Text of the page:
Shelburne Vineyard hosted a community meeting on Sept. 20 for those interested in hearing more about proposals for restoring the Historic Town Hall and building a new library.
More than 50 people attended a presentation where architects from Vermont Integrated Architecture (VIA) displayed three different concepts and asked for feedback. Andrea Murray, Nicholas Wood, and Ashar Nelson of VIA were on hand to explain the designs and listen to input from the community. All members of the Pierson Library Steering Committee were present, as was a majority of the Selectboard and all the members of the Pierson Library Board of Trustees.
The concepts were developed based on the Steering Committee’s Vision Statement:
Option A sites a new library of 11,470 square feet along Shelburne Road, next to, and possibly connecting to, SCHIP’s, with a terrace on the second level.
Option B also sites a new library of 10,823 square feet along Shelburne Road next to, but not connected to, SCHIP’s.
Option C envisions a new library of 12,235 square feet behind and connected to the historic Town Hall, with a special terrace and amphitheater style sitting lawn for outdoor programs.
In both Option A and B, the existing driveway would be relocated to the north, providing direct access from the fire station doors to US Route 7.
Library Director Lara Keenan views the library as the only place in town where people of all generations can actively engage in learning and socialization. For Keenan there are two important factors that should be considered when constructing the new library space. The first is striking the right balance between providing space for the library collections and accommodating social interaction. The second is determining facility placement to ensure proper flow while respecting public and private property.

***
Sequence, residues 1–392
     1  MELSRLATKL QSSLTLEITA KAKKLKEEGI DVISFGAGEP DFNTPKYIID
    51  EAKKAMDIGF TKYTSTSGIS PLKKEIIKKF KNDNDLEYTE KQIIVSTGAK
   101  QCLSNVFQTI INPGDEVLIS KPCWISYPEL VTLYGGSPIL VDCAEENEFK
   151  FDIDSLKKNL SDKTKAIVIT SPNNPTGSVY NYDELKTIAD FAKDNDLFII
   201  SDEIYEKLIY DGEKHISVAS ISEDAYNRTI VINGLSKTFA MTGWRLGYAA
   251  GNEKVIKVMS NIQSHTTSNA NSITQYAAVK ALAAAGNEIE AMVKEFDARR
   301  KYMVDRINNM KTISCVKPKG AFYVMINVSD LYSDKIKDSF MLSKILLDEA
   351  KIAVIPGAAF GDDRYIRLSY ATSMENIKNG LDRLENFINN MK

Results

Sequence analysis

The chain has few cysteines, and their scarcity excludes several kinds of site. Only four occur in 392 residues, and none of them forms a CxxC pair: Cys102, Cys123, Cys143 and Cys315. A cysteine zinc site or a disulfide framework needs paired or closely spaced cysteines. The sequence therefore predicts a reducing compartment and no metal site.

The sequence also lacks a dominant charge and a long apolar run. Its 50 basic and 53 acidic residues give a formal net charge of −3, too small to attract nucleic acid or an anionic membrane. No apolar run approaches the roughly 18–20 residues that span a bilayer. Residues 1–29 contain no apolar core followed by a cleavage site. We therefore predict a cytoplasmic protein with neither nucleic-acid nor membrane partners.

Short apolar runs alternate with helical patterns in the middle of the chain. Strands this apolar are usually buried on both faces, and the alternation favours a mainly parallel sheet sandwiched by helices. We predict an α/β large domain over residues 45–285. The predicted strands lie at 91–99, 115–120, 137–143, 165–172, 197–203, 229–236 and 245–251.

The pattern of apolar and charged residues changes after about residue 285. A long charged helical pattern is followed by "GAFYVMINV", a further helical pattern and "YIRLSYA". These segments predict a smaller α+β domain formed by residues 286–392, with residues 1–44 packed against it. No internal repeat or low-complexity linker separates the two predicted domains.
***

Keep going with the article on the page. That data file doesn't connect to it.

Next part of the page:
Frequent library patron Connie Bonaccio believes the library is “a vital place in our community,” and intends to be an ongoing participant in future sessions. She said the most important aspects of the design to her were to have flexible multitasking space, as well as an area set aside for small tables where an individual could work or read in a quiet area. She cited natural light and excellent insulation as important features during the winter season.
Chris Schillhammer and her husband Alan also attended the session. She preferred Option C, connecting the library to the historic Town Hall. She views the Town Hall as important to the town’s history and wants to see it well-used. She urged the architects to ensure the new library’s architecture is consistent with its surroundings. While having a meeting place of all ages and for different purposes in the library is important to Schillhammer, she wants to make sure that the original purpose of the library—providing access to books for the community—is not lost in the process.
Judith Raven, another library patron, was impressed by all the factors the architects had taken into consideration. She stressed the importance of preserving the historic Town Hall and making needed improvements, citing acoustics as an example. Raven believes strongly that it is the responsibility of the Town to maintain and update the library, noting that not everyone can donate but everyone is served by the library and thus it should be funded by the taxpayers.
Steve Antinozzi, another participant, considers the library to be “key to the life of the town,” adding that it was an important part of his children’s education. He prefers Plan A and would like to see the sidewalk extending from Bostwick Road to Harbor Road.
Additional public meetings are planned, the next of which are at Wake Robin on Oct. 13 at 7:30pm and with the Rotary on Nov. 9. Meetings in school and after school for input from youth will be scheduled shortly.
To view the conceptual designs, visit the library or find them on the town webpage at http://vt-shelburne.civicplus.com/438/New-library-Town-Center-Project. The designs will also be available for viewing at the Friends of the Pierson Library Book Sale on Oct. 7 and 8, at the Farmers’ Market on Oct. 8, and at the Halloween Parade on Oct. 30. The Steering Committee welcomes input from the community as they move forward with this project.